Beyond Natural Disasters: Inspiring Volunteer Motivation Year-Round


Those living in or around the Raleigh, North Carolina area are acutely aware of some of the havoc wreaked by a massive tornado that assaulted our area on Saturday, April 16 of this year. Following the storm, many of us (especially in the nonprofit community) were inspired by the mass of volunteers who came out of the woodwork to help with tornado clean up, get supplies to those impacted by the storm, and give donations and money to recovery efforts.

While I’m no disaster relief expert, I’ve experienced and observed a fair share of natural disasters and the response they generally warrant from community members: An immediate and in some cases urgent desire to lend a hand. Commonly after a disaster, nonprofits–especially those on the forefront of disaster relief (Red Cross, city / county services)–receive a barrage of offers from volunteers to assist. The energy and willingness to aid is positive to be sure, but it can be difficult for organizations to handle the sudden wave of newcomers.

A fellow nonprofit professional remarked to me the other day that she was grateful for volunteers’ willingness to help, but secretly wanted to say to them, “Thanks for coming, but where were you the other 364 days of the year??”

True, the nonprofit dream is that communities will be consistently and enthusiastically engaged 365 days a year, but low volunteerism rates in many areas are proof that this is not already the case. So what makes times of disaster so different for volunteer engagement? How can nonprofits hope to build up a similar volunteer energy on a ‘regular’ day?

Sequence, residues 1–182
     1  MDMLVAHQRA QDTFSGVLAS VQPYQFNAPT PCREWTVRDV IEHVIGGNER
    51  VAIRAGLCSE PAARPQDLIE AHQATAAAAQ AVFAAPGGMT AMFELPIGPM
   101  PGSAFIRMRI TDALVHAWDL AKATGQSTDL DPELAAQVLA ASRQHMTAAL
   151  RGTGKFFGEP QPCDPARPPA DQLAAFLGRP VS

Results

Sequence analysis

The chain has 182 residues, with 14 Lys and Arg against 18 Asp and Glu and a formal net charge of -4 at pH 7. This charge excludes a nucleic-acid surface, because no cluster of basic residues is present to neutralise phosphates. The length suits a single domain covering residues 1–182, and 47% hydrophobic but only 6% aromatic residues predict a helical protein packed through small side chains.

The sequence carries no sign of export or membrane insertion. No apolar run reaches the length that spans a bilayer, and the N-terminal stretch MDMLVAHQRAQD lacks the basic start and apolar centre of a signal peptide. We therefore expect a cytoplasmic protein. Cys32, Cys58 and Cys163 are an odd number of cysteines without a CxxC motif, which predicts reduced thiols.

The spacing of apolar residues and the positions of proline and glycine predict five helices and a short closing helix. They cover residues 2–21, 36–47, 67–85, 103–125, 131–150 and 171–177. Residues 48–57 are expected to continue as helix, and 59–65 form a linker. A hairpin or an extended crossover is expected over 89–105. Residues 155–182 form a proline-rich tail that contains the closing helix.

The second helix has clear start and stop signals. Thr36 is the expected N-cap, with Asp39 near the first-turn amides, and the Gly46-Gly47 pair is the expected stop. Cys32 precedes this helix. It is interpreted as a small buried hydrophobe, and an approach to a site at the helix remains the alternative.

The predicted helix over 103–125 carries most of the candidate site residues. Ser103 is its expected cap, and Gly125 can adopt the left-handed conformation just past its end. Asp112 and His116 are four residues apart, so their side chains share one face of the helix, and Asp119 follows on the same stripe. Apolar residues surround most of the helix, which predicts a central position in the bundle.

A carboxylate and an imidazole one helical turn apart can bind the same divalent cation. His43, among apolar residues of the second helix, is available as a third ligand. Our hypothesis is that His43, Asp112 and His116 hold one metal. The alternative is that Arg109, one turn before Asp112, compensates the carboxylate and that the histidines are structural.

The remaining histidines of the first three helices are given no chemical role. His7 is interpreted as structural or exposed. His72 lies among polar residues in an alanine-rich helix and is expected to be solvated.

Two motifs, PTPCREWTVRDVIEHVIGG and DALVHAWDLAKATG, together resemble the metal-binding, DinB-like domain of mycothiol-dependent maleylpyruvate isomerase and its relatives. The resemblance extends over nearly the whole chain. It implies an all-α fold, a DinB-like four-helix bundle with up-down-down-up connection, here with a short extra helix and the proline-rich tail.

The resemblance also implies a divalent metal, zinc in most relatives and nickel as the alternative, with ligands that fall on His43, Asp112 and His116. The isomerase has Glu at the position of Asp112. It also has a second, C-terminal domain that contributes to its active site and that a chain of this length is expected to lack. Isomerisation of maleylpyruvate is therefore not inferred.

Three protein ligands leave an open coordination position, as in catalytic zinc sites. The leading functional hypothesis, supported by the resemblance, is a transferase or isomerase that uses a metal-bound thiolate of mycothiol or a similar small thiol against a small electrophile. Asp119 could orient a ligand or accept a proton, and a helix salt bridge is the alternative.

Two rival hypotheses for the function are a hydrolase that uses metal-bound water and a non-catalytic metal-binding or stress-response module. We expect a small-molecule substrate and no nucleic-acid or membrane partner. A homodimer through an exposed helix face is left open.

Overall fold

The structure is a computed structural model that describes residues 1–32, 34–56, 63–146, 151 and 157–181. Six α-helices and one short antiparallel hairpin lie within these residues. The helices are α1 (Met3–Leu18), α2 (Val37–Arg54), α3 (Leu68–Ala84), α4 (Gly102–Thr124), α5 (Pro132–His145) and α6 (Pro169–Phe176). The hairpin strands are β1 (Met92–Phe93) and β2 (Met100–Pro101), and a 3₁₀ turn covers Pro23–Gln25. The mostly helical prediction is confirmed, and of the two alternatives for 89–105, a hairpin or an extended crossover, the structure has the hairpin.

I believe four factors make disaster-volunteering compelling to volunteers or would-be volunteers:

  1. Urgency: This is a given. Those in nonprofits certainly know and feel that their cause is an urgent one that deserves volunteer attention, but disasters are adrenaline-pumping, emergency situations that cause most to call friends and family to check on well-being. I have personally experienced the rush of adrenaline that comes with hearing about some disaster striking and feeling that “I HAVE to DO something!”–I know that responding to this often visceral compulsion to help out is understandable.
  2. A connection to people we know personally: Disasters strike communities, which means it is possible those disasters have impacted people we actually know. It’s commonly understood that people are more likely to volunteer when they feel personally connected to a cause. And many researchers have wagered that volunteer rates would appear higher if we included “personally helping your neighbors” in the official definition of volunteering. What this means is that we like helping people we know, and people whose faces we can see and lives we can watch being impacted. It is believed that disaster volunteering provides this.